There was quite literally nothing to do. If you expected a day of absorbing everything sci-fi, perhaps quiet screening rooms with classic sci-fi movies and/or shows, sci-fi oddities to distract and perhaps even some comic book artists in attendance then (like myself) this was a day of disappointment. If you weren’t parting with cash then you were just stuck in two warehouses, being impressed by the odd Mandalorian or Dredd Cosplayer. Yes listening to Jon Bernthal on stage was both amusing and interesting at the same time, but the guests were few and far between and with a barrage of noise surrounding the area you couldn’t take anything else in.
All of this led me to my original opening of this piece. Have we become so desperate for an autograph or a picture with a star that we’ll gladly spend hundreds? I really wanted to meet Brian Blessed (he’s my personal hero), he even walked past me, but I was unwilling to part with the ridiculous amount of money to get the great man’s signature. It’s utterly psychotic the amount people are willing to hand over just to get a photo or even a Meet and Greet.
Forgive me for even further falling backwards in time here, but I remember at Starbase ’93 (Leeds, UK) when the late James Doohan was literally walking around the hotel, stopping and talking with anyone. Signing anything, having a photo here and there. People were good mannered with him and he the same. In the evenings he was found in the bar having a great time. Also the late Sir Terry Pratchett would walk-up to WH Smith or Waterstones and get out his pen and sign away. I recall on one occasion he jokingly had an “argument” with my wife over what else he could sign for her, she hadn’t bought a T-shirt (only the book) and he laughed saying, “Oooo call yourself a fan?”.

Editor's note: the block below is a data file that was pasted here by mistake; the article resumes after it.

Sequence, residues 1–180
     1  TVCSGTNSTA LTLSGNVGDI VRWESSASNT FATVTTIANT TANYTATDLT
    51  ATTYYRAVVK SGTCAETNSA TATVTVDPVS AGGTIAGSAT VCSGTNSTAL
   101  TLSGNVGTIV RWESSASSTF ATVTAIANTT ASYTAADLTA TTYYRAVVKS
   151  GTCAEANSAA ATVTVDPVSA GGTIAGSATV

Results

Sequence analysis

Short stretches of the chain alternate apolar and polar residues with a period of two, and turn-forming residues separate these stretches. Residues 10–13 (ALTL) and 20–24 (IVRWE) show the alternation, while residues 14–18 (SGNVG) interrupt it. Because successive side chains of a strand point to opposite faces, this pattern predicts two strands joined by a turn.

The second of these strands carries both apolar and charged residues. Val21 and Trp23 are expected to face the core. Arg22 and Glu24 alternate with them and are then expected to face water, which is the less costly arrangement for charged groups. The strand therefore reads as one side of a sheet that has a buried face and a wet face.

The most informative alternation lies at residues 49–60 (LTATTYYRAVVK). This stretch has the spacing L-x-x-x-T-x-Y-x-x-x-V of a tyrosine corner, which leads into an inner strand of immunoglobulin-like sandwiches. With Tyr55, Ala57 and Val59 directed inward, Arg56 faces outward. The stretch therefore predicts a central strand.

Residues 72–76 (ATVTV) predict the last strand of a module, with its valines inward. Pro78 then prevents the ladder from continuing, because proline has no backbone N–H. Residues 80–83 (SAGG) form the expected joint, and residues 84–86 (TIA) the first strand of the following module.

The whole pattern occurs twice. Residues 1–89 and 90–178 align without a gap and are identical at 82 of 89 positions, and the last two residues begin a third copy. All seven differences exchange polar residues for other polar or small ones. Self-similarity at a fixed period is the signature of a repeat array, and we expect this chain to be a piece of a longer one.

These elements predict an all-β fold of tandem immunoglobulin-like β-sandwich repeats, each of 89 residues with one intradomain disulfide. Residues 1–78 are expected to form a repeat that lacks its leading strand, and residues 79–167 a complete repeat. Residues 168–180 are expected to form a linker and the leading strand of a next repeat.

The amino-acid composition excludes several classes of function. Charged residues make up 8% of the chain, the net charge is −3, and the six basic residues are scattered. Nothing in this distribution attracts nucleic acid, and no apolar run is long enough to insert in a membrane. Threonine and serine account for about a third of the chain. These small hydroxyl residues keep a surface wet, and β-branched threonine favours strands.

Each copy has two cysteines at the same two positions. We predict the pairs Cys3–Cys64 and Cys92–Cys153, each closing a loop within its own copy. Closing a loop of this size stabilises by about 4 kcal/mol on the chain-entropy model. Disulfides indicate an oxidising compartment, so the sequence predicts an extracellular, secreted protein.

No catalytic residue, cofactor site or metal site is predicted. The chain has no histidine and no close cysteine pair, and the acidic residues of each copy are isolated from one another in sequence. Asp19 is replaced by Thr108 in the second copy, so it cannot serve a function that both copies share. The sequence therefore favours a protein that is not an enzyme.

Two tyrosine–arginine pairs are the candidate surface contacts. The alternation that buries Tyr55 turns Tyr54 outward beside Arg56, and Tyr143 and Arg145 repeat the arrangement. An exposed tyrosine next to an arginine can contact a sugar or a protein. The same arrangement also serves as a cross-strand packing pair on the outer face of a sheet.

Neither of these fantastic people charged or demanded an extortionate price to say “Hello!”. Granted Sir Terry occasionally needed a bag of frozen peas for his wrist, but that was about it.
Now however, here we are! Paying, paying and paying to get a signature or a picture with our heroes. I know actors need to eat and not for one minute am I saying that they should not be paid for what they do, but there needs to be a happy medium here. Perhaps event organisers need to pay the ‘VIPs’ a high attendance fee, so they’re not out of pocket? The solution obviously needs to be ironed out, as I know from seeing other event programmes, not just For the Love of Sci-Fi, that £50-£80 can be on occasion rather cheap for a signed photo of a star.
We, the fans, are not endless sources of income, and to be personally treated like one isn’t an enjoyable way to spend a weekend. If organised events want us to part with our hard-earned cash, then they need to earn it from our wallets and purses. Entertain us, surprise us and treat us… gain the respect of the fanbase! Don’t just shuffle us from one cash register to the next, we don’t like that, this is our money and if you’re not careful we’ll start to spend it on other shiner things.